Stocks should rally if the U.S. and China agree to new negotiations and a ceasefire in the trade war, but the economic impact of tariffs will continue.Market Insiderread more
More than 300 companies are talking to government officials in Washington about how detrimental the trade war is.Marketsread more
Powell stresses the central bank's independence in a speech that comes amid continuous pressure from the White House to cut interest rates.The Fedread more
In a text message, Grisham confirmed to CNBC that she will still be working for the first lady even as she takes on her new roles.Politicsread more
Acting Customs and Border Protection Commissioner John Sanders is resigning amid the furor over the Trump administration's treatment of migrant children.Politicsread more
NBC is taking the office back from Netflix as it seeks to bolster its own streaming service launching in 2020.Technologyread more
Wayfair employees plan to walk out tomorrow, after no action was taken in response to their opposition to the company supplying border detention camps with beds for children.Retailread more
Micron beat analyst estimates on earnings and revenue for its fiscal third quarter of 2019.Technologyread more
Omarosa Manigault Newman, who had been a senior advisor to President Donald Trump before her firing, was sued for allegedly failing to file required financial disclosures.Politicsread more
San Francisco on Tuesday became the first city in the country to ban e-cigarettes after city officials voted in favor of an ordinance that prohibits the sale of any...Health and Scienceread more
See which stocks are posting big moves after the bell on June 25.Market Insiderread more
NEW YORK, Jan 30 (Reuters) - U.S. government bond yields rose on Wednesday morning after data showed private sector jobs increased more than expected in January, and ahead of the Federal Reserve's policy statement that is expected to leave interest rates unchanged.
The Federal Open Markets Committee was set to conclude a two-day policy meeting on Wednesday afternoon, a month after raising rates for the fourth time in 2018. Since the December hike, financial markets have been roiled by volatility, China and Europe have acknowledged slowing growth and U.S. consumer confidence has dropped along with home sales.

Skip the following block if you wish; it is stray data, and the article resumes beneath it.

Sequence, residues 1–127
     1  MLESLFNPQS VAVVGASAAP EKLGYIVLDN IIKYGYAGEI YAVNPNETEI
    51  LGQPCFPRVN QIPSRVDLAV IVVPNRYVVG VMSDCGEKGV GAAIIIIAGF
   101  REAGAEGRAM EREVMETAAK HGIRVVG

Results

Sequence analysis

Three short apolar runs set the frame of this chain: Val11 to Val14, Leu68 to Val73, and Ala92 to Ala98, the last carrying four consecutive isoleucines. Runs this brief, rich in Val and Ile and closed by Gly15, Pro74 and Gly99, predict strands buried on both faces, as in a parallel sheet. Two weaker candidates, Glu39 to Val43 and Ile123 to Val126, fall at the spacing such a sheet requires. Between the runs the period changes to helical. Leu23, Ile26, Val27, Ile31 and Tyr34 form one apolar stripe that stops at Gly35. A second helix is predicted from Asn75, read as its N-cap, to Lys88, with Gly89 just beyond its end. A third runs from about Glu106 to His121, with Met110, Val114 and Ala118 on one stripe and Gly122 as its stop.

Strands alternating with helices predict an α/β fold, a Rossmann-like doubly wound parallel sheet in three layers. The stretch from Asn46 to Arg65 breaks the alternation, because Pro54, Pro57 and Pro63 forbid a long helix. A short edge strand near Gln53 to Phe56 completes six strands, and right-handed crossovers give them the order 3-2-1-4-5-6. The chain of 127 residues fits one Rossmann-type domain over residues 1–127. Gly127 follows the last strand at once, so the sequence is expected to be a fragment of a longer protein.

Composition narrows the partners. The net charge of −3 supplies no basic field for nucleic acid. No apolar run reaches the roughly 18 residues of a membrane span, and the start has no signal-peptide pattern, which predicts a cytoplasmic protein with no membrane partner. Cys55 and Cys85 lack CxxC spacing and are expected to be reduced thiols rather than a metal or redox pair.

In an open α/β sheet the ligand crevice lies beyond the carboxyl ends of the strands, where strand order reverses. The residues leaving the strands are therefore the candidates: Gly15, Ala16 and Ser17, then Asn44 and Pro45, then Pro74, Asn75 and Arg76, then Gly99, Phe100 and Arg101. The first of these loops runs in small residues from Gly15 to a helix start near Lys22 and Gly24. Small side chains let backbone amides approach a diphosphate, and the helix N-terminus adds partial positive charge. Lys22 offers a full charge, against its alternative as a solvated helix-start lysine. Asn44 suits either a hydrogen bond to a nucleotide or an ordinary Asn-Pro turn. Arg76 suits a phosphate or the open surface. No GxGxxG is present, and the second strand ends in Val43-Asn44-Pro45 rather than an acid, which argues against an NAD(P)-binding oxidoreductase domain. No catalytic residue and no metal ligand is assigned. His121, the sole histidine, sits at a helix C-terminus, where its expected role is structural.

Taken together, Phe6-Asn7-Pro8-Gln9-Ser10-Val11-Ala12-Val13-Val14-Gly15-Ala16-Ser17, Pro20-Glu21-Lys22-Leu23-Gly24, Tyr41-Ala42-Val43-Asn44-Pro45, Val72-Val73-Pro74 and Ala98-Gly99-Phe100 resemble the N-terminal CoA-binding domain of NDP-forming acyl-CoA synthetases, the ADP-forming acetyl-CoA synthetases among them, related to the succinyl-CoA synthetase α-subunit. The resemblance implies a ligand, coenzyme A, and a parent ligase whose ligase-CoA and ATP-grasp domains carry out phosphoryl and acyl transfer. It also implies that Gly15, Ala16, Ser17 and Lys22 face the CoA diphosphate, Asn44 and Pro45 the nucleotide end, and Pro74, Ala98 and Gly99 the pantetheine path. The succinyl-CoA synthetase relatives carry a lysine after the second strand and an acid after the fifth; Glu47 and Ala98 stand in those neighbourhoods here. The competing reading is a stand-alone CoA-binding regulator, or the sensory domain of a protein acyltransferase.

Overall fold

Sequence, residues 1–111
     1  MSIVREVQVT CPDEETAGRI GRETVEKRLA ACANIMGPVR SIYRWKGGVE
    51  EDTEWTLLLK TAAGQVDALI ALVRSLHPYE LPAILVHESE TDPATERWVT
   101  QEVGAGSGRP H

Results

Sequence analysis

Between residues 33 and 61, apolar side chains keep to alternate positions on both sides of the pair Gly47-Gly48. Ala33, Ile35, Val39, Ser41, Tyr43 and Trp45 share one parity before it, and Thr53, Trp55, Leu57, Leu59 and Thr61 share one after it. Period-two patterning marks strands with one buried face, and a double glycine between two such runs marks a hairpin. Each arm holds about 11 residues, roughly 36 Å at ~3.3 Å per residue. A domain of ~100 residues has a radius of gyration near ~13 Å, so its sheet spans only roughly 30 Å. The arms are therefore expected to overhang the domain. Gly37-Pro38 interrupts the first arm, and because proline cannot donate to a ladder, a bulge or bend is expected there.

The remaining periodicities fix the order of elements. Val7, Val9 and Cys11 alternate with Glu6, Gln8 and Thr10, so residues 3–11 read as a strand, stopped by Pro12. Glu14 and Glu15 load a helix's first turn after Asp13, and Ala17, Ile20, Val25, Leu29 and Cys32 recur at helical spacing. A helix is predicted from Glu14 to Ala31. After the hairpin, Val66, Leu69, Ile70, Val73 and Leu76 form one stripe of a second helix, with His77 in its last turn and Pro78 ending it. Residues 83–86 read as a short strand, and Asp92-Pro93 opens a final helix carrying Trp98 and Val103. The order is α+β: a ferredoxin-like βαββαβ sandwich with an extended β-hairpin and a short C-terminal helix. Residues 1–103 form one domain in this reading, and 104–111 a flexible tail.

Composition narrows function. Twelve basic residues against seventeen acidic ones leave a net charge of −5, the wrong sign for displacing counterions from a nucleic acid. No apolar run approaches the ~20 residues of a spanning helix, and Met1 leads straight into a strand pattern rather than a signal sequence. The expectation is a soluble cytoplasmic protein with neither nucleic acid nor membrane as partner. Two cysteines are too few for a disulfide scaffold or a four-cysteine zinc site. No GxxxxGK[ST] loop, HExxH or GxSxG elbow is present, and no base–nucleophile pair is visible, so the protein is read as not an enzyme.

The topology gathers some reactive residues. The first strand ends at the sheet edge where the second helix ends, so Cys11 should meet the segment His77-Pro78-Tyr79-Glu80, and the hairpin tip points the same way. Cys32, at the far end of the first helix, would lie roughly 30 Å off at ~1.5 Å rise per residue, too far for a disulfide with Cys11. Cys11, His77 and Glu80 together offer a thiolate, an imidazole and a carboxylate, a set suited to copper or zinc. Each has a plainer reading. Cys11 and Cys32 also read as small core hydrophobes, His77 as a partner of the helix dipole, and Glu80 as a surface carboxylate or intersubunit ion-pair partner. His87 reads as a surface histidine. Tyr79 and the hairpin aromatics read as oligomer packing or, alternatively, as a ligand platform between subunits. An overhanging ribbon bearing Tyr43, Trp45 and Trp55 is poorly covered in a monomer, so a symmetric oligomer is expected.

Investors are therefore expecting Fed Chairman Jerome Powell, who is giving a news conference after the policy statement at 2 p.m. EST (1900 GMT), to reiterate the bank's willingness to pause its hiking scheme if necessary.
"The market can expect the statement to acknowledge the new theme of patience, which should mean that the gradual rate hiking forward guidance of previous statements is tempered down," said Mohammed Kazmi, portfolio manager at Union Bancaire Privee.
While Treasury yields rise with interest rates, traders are exiting their positions to reduce market exposure ahead of the FOMC statement. That lowers prices and lifts yields.
Also driving up Treasury yields was the ADP National Employment Report that showed that the United States added 213,000 private sector jobs in January, more than expected.
The ADP data comes ahead of the more comprehensive non-farm payrolls report published Friday. The correlation between the two reports is erratic, so the former is not typically an effective predictor of the latter. The forthcoming non-farm payrolls report is expected to reflect an uptick in the unemployment rate due to the five-week federal shutdown which ended on Jan. 25.
Also on Wednesday, the Treasury Department announced an $84 billion refunding package, which is $1 billion larger than last quarter. As expected, the only auctions to increase in size will be those for Treasury Inflation-Protected Securities.
Also in focus is the renewed attempt by Washington and Beijing to dig out from a damaging trade war. Cabinet-level officials, led by Chinese Vice Premier Liu He and U.S. Trade Representative Robert Lighthizer, began two days of talks on Wednesday in Washington.
The benchmark 10-year government note yield was last up nearly a basis point at 2.72 percent. The two-year yield , which reflects market expectations of interest rate increases, was up 0.8 basis point at 2.58 percent. The 30-year yield was up less than half a basis point at 3.04 percent. (Reporting by Kate Duguid Editing by Frances Kerry)